The militants are using suicide car bombers, snipers and booby traps to counter the offensive waged by the 100,000-strong force of Iraqi troops, Kurdish peshmerga fighters and Iranian-trained Shiite Muslim paramilitary groups.
They were also reported to have fired rockets and mortar rounds filled with toxic agents from the western side of the city to the eastern, government-controlled side.
More than 40,000 fled their homes in the past week, bringing the total number of those of displaced since the start of the offensive to nearly 210,000, according to the United Nations.
Aid agencies have expressed concern that camps to accommodate people fleeing are nearly full.
The United Nations last month warned that more than 400,00 people, more than half the remaining population in western Mosul, could be displaced.


Israel quiet on US claims it hit Iraq militia in Syria

Updated 19 June 2018
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Israel quiet on US claims it hit Iraq militia in Syria

  • The Sunday evening strike against the Al-Hari base on the Syrian side of the border with Iraq came less than 24 hours after Prime Minster Benjamin Netanyahu said Israel would strike Iran’s “proxies” anywhere in Syria
  • Syrian authorities and the Iraqi paramilitaries both blamed Washington for the strike, which killed at least 52 fighters, according to the Syrian Observatory for Human Rights

JERUSALEM: Israel declined to comment on Tuesday on a weekend air strike against an Iraqi paramilitary base in eastern Syria after its US ally implicated it in the attack.
The Sunday evening strike against the Al-Hari base on the Syrian side of the border with Iraq came less than 24 hours after Prime Minster Benjamin Netanyahu said Israel would strike Iran’s “proxies” anywhere in Syria.
Fighters of Iraq’s Hashed Al-Shaabi paramilitary force, mainly composed of Iran-trained Shiite militia, have played a major role in the war against the Sunni extremists of the Daesh group in Syria as well as Iraq.
But their presence has sparked confrontations with both Washington, which has been supporting a Kurdish-led alliance that controls other parts of eastern Syria, and Israel, which fears Iranian-inspired attacks on its forces in the occupied Golan Heights.
Syrian authorities and the Iraqi paramilitaries both blamed Washington for the strike, which killed at least 52 fighters, according to the Syrian Observatory for Human Rights.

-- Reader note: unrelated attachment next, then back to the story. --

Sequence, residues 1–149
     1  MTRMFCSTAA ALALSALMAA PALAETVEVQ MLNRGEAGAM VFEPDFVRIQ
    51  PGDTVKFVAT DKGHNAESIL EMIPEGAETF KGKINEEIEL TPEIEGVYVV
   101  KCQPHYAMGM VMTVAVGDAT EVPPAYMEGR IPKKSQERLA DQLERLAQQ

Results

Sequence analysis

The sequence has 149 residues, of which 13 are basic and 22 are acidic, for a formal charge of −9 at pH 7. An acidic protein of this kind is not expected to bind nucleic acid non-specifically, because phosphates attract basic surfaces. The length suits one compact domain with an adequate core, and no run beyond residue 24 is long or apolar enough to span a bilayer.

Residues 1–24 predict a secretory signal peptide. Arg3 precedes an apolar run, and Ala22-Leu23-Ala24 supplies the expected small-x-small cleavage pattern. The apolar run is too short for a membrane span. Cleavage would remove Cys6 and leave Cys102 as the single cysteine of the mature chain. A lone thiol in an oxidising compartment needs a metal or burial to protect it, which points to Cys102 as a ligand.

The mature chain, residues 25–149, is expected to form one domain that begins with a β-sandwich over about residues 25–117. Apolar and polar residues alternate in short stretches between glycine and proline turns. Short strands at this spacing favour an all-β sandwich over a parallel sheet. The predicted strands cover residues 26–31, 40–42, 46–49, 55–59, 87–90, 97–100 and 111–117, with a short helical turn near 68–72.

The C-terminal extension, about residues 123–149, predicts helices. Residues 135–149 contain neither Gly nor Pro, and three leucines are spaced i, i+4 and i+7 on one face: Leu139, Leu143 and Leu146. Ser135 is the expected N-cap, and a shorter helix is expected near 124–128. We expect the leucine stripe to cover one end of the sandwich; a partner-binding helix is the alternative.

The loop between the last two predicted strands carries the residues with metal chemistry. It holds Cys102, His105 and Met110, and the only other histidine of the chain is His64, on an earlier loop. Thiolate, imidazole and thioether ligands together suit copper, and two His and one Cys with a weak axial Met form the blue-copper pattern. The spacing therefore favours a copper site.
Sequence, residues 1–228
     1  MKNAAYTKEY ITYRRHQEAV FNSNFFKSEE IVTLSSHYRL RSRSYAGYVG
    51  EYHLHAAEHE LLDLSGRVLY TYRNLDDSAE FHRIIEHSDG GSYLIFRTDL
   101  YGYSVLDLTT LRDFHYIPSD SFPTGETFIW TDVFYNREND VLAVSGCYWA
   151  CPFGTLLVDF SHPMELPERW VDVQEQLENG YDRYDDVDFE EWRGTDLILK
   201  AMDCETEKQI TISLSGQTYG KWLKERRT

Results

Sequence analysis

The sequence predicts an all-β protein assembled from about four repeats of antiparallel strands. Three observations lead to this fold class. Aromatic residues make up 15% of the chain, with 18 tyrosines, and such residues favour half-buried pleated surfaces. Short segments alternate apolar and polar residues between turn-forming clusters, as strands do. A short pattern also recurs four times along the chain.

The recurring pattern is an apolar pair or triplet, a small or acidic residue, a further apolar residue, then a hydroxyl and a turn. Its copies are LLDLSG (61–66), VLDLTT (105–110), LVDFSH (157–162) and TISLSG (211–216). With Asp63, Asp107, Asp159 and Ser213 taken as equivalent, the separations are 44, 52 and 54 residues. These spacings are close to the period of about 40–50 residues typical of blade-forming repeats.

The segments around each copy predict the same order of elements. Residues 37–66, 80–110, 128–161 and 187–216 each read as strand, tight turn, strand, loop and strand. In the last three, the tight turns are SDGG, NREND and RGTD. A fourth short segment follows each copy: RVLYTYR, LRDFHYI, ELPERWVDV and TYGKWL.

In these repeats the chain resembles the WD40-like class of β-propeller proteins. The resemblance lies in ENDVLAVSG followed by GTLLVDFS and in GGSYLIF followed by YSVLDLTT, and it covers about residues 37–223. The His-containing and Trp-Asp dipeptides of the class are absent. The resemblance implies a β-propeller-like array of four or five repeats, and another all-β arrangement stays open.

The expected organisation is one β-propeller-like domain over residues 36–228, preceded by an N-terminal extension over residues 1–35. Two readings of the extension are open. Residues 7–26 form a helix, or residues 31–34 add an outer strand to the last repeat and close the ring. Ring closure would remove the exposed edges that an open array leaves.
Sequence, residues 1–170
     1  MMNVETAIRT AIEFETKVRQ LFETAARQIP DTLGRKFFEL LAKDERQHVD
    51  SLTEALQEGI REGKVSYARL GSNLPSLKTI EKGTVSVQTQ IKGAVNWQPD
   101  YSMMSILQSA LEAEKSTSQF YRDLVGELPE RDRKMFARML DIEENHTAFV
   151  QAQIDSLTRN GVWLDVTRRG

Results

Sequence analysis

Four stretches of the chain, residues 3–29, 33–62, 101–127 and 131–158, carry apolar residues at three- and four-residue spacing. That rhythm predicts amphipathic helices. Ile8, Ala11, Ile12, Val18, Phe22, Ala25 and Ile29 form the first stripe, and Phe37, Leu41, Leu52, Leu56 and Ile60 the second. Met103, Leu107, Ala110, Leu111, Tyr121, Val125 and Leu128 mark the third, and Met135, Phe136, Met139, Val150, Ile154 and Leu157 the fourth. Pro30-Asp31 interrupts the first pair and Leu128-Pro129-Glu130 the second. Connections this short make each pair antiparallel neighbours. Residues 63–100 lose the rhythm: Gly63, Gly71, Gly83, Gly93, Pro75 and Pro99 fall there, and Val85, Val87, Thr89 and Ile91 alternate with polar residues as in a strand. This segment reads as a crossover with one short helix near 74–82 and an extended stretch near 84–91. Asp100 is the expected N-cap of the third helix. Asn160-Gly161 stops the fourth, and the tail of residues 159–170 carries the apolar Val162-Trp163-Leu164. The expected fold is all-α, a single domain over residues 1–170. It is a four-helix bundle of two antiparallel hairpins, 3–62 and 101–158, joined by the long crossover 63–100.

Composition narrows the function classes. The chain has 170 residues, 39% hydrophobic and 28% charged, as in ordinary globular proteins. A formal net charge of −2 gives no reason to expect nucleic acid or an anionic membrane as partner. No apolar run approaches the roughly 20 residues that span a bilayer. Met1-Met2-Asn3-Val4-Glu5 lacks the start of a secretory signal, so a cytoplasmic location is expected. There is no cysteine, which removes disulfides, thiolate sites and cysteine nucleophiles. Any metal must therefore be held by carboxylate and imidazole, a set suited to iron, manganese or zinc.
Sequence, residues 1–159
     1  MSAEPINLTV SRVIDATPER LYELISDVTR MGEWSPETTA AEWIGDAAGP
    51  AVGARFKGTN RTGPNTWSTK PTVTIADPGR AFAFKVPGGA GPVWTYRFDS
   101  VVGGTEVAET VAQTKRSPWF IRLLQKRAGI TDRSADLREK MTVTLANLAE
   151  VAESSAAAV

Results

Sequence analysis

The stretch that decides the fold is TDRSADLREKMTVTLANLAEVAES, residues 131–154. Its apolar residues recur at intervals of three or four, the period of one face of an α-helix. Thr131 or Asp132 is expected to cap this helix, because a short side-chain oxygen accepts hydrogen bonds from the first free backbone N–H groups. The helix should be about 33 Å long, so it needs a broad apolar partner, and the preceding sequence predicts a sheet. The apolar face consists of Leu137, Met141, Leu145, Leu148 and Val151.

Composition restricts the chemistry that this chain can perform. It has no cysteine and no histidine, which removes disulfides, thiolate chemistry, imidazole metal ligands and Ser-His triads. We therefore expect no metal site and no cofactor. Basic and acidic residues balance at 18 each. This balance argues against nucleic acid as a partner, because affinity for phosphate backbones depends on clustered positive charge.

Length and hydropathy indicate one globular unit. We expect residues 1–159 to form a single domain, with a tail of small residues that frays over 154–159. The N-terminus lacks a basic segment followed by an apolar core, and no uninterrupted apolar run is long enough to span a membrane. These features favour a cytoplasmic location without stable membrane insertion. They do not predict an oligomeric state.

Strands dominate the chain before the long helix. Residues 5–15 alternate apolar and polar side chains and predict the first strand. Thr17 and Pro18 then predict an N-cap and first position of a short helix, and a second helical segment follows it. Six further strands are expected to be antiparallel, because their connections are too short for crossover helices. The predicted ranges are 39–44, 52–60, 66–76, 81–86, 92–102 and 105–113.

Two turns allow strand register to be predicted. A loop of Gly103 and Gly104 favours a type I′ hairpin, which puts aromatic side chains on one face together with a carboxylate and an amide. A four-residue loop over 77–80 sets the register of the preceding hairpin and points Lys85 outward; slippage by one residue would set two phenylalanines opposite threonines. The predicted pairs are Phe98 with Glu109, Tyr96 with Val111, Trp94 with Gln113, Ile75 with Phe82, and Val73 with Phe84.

But US officials denied any involvement and instead pointed the finger at Israel.
“We have reasons to believe that it was an Israeli strike,” one US official told AFP on condition of anonymity.
The Israeli military declined to be drawn on the US claims. “We are not commenting on foreign reports,” a spokeswoman said.
The military has carried out previous strikes against Iranian targets in Syria, but most have been significantly closer to Israel or the Israeli-occupied Golan.
Last month, Israel launched a large-scale attack on what it said were Iranian targets in Syria, raising fears of a major confrontation.
Those strikes followed a barrage of rockets that Israel said was fired toward its forces in the occupied Golan by Iran from Syria.
Even before that, Israel had been blamed for a series of recent strikes inside Syria that killed Iranians, though it has not acknowledged them.
Speaking at a cabinet meeting in Jerusalem on Sunday morning, Netanyahu reiterated his position that “Iran needs to withdraw from all of Syria.”
“We will take action — and are already taking action — against efforts to establish a military presence by Iran and its proxies in Syria both close to the border and deep inside Syria,” the prime minister said.
“We will act against these efforts anywhere in Syria.”
Israeli seized a large swathe of the Golan Heights from Syria in the Six-Day War of 1967 and later annexed it in a move never recognized by the international community.
Iran has been a close ally of the Syrian regime for some four decades and, with Russia, has been a key supporter in the civil war that broke out in 2011.